The Panel believes that most of the money to finance sustainable development will come from domestic sources, and the Panel urges countries to continue efforts to invest in stronger tax systems, broaden their domestic tax base and build local financial markets. Low- and middle-income country governments have made great strides in raising domestic revenues, and this has helped expand public services and investments, vital for sustainable growth, as well as creating ownership and accountability for public spending.
But developing countries will also need substantial external funding. The main part of this will not be aid from developed countries, although aid remains vital for low-income countries and the promises made on aid must be kept. The most important source of long-term finance will be private capital, coming from major pension funds, mutual funds, sovereign wealth funds, private corporations, development banks, and other investors, including those in middle-income countries where most new savings will come from by 2030. These private capital flows will grow and become less prone to sudden surges and stops, if the global financial system is stable and well regulated, and if they finance projects backstopped by international financial institutions.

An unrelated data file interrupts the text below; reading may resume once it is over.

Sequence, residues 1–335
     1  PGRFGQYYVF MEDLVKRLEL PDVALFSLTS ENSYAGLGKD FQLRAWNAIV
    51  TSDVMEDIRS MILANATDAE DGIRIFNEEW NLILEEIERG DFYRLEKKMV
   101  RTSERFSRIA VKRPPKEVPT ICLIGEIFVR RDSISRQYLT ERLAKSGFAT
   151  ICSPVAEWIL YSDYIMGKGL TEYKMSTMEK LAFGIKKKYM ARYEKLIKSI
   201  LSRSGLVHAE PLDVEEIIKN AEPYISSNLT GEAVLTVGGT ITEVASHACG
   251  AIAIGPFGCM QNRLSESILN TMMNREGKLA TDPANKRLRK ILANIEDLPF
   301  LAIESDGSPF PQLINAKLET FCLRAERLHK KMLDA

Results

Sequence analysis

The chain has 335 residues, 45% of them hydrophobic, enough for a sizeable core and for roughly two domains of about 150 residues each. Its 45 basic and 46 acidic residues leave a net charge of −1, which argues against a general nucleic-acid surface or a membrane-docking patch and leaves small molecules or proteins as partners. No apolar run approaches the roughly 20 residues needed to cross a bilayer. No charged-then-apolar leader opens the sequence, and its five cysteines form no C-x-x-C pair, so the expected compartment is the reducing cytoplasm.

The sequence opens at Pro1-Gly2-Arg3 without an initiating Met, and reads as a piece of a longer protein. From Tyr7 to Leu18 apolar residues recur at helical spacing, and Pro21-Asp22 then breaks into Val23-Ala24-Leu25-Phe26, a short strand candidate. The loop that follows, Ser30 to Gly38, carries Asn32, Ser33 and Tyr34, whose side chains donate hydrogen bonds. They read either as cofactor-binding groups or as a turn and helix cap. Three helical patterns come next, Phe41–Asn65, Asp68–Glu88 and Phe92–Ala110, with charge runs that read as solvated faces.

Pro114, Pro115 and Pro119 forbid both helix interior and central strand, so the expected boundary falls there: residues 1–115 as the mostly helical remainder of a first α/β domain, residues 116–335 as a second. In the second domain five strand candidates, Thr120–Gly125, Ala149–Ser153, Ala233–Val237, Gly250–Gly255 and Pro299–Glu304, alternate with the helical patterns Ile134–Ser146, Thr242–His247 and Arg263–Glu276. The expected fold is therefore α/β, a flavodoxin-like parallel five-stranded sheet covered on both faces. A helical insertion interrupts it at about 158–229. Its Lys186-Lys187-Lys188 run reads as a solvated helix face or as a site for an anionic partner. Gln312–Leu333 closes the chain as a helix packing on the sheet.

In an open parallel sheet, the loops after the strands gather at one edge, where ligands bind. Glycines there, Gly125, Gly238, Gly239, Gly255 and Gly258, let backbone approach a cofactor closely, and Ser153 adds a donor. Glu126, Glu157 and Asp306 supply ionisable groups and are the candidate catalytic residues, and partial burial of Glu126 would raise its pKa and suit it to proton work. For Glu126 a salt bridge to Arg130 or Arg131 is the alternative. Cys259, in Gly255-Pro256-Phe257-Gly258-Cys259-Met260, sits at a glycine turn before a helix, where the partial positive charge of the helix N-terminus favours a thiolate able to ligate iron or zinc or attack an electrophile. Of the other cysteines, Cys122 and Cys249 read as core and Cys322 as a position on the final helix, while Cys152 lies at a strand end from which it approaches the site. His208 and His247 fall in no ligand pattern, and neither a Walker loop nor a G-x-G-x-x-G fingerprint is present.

The money is there – world savings this year will likely be over $18 trillion – and sponsors of sustainable projects are searching for capital, but new channels and innovative financial instruments are needed to link the two. Support systems (know-how, financial institutions, policies, laws) must be built and, where they exist, must be strengthened.
A broad vision of how to fund development has already been agreed by governments at a conference held in Monterrey, Mexico in 2002. The Monterrey Consensus agreed that “each country has primary responsibility for its own economic and social development, and the role of national policies and development strategies cannot be overemphasised. At the same time, domestic economies are now interwoven with the global economic system…” So these efforts should be supported by commitments made on aid, trade and investment patterns, as well as technical cooperation for development.
The Panel believes the principles and agreements established at Monterrey remain valid for the post-2015 agenda. It recommends that an international conference should take up in more detail the question of finance for sustainable development. This could be convened by the UN in the first half of 2015 to address in practical terms how to finance the post-2015 agenda. The Panel suggests that this conference should discuss how to integrate development, sustainable development and environmental financing streams. A single agenda should have a coherent overall financing structure.